To stop the first Scottish sanctions, all that’s needed is political will

Amid the uncertainty of Brexit, there’s a hard reality approaching from Scotland’s independence referendum. In April next year Scotland will take charge of the UK Government’s Work Programme and Work Choice schemes. The Work Programme in particular has a poor record of helping people into employment. We have a chance to do things differently.

Currently, benefit recipients can be referred to the Work Programme on a mandatory basis, and sanctions applied if they refuse to take part, or are deemed not to be properly engaging with it.

Benefit sanctions have increased hardship, making it difficult for people to meet basic housing costs. The Trussell Trust and Oxfam found 30 per cent of foodbank users had been sanctioned, while in a survey of people on the Work Programme, 61 per cent said it had worsened their health. Two-thirds leave not having gained and stayed in a job for at least 3 or 6 months.

Sanctions will remain reserved to the UK Department of Work and Pensions, but devolution means Scotland can stop sanctions being applied to the benefits of participants in employment programmes. Last week I published research showing how to do it and already over 2,000 people have signed a petition in support.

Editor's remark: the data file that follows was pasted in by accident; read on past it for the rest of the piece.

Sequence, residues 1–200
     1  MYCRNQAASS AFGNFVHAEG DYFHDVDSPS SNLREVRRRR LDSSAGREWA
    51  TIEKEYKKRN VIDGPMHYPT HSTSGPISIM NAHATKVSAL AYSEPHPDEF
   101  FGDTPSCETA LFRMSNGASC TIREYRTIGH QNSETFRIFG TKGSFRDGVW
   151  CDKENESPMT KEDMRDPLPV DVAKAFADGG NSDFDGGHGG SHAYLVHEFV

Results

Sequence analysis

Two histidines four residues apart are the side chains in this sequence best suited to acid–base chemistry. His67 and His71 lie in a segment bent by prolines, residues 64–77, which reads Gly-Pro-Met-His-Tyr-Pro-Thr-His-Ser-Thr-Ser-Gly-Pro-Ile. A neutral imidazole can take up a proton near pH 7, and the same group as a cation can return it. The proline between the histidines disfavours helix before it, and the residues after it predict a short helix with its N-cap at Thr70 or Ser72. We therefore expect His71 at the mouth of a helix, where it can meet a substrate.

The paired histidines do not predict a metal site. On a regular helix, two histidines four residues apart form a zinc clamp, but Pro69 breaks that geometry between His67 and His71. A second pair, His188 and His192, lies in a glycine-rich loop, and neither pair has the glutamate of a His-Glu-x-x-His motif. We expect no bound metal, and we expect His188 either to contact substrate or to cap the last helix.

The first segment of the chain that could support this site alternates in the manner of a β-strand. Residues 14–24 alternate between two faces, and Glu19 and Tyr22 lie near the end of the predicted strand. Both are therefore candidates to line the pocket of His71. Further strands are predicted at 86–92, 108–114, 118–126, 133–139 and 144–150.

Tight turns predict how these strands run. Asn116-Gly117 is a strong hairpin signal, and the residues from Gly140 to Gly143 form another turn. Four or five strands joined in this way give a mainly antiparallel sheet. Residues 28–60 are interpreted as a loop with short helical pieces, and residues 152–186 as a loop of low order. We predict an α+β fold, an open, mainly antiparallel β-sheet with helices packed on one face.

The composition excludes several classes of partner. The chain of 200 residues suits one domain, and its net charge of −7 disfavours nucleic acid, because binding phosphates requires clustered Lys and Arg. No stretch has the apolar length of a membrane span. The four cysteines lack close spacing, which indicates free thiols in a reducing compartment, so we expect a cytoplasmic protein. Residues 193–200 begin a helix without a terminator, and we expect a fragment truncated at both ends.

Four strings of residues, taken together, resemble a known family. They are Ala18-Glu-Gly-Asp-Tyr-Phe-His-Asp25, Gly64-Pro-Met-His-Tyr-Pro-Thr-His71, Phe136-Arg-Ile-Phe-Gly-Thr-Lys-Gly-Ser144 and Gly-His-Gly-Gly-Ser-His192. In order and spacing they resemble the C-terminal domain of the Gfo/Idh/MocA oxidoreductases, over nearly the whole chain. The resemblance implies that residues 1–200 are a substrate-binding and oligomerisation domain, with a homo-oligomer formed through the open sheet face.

We can ensure that employment programme providers do not pass on information to the DWP. The Scottish and Welsh Governments already refuse to co-operate with the sanctions regime on the UK Government’s Skills Conditionality and Sector Based Work Academies programmes.

By adopting this approach, we can insulate tens of thousands of Scots from sanctions. With the average benefit sanction for Job Seeker’s Allowance recipients being around £530 and 13,000 Scottish benefit recipients being sanctioned as part of employment programmes every year, we could put £7million back in the hands of people who desperately need it.

My proposal has been welcomed by those at the sharp end of our increasingly uncaring social security system. John Dickie of the Child Poverty Action Group says sanctions cause real crisis for families with children. “The devolution of employability programmes does create real opportunities to reduce the risk of sanction,” he says.

However, Scottish Minister Jamie Hepburn says “Westminster will remain entirely responsible” for sanctions. This is true, but it doesn’t prevent us from putting in place a system that ends such inhumane and illogical treatment by the UK Government. All that’s needed is the political will.

This article first appeared in the Edinburgh Evening News